The Sex/Food/Love Connection

More Evidence of Animal Emotions

I reported a while back on studies showing that dogs had the same oxytocin response to petting and sweet interaction that their people did.

Occasionally, in a research paper, scientists insert a paragraph or two implying or downright asserting that animals have emotions that are very like ours. Biologists define emotions as physiological states, and neuroscience is increasingly able to map the brain activity that correlates with these states.

From out of left field -- a report on fMRI studies of women with severe spinal cord injuries by Rutgers researchers Barry Komisaruk and Beverly Whipple -- comes a statement that rodents experience brain activity during genital stimulation that is very similar to those of humans during orgasm. From the study:

Although there is no evidence of orgasm in female rats, a number of
researchers have reported that some of the same-named brain regions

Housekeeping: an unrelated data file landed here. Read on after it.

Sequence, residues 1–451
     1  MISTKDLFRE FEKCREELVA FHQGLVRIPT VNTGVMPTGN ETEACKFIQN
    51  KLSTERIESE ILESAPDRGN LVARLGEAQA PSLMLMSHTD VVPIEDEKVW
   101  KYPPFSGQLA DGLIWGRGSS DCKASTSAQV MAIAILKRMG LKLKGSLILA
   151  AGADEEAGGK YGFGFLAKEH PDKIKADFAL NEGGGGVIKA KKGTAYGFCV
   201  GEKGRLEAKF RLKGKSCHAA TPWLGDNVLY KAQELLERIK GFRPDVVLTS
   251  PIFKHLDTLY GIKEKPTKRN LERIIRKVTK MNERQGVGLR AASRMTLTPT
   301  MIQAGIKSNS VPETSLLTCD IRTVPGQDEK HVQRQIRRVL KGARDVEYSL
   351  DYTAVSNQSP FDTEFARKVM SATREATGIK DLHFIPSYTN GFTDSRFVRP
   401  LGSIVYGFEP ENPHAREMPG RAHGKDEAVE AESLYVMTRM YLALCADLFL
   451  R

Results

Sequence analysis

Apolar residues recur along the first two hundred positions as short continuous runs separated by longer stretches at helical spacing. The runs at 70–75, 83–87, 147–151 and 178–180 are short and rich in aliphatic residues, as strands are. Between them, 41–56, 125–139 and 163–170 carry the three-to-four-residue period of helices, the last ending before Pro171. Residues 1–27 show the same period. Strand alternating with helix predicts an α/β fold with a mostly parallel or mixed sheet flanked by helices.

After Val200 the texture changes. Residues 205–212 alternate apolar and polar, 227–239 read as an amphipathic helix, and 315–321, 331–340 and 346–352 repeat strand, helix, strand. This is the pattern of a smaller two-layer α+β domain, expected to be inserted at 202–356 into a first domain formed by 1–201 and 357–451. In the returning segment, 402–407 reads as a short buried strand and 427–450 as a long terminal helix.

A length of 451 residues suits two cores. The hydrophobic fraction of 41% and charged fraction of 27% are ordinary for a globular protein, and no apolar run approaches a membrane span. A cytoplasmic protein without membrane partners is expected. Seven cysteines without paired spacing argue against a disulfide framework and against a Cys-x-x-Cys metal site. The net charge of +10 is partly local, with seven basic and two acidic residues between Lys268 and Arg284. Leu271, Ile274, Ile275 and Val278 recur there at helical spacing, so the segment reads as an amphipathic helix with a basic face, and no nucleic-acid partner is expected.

become activated during mating or vaginocervical stimulation. Thus,
using the c-fos immunocytochemical method in rats, activation was
reported in amygdala (Erskine & Hanrahan, 1997; Pfaus & Heeb, 1997;
Rowe & Erskine, 1993; Tetel, Getzinger, & Blaustein, 1993; Veening &
Coolen, 1998; Wersinger, Baum, & Erskine, 1993); paraventricular
nucleus of the hypothalamus
(Pfaus & Heeb, 1997; Rowe & Erskine,
1993); medial preoptic area (Erskine & Hanrahan, 1997; Reyna-Neyra,
Camacho-Arroyo, Cerbon, & Gonzalez-Mariscal, 2000: Tetel et al., 1993;
Wersinger et al., 1993); midbrain central gray (Pfaus & Heeb, 1997; Tetel et al., 1993); and, based on local release of dopamine, the nucleus
(Pfaus, Damsma, Wenkstern, & Fibiger, 1995).

Okay, why is this in a blog about oxytocin? Oxytocin is involved in empathy -- our ability to create mental models of the emotional states of others. Information frequently helps in this endeavor, as well.

I have often wondered about animal orgasm and whether by neutering our pets we deprive them of an important activity. In fact, when I had my first dog spayed, I asked the vet about this, and he suggested leaving one ovary. He did so, but she still didn't come into heat, so she didn't get to enjoy sexual intercourse.

I asked about tubal ligation for my second dog, and the vet said they didn't do it, it created too many health problems down the line. (Which was alarming, since this procedure is done on humans all the time.)

In any case, sex is likely at least as gratifying for animals as it is for humans.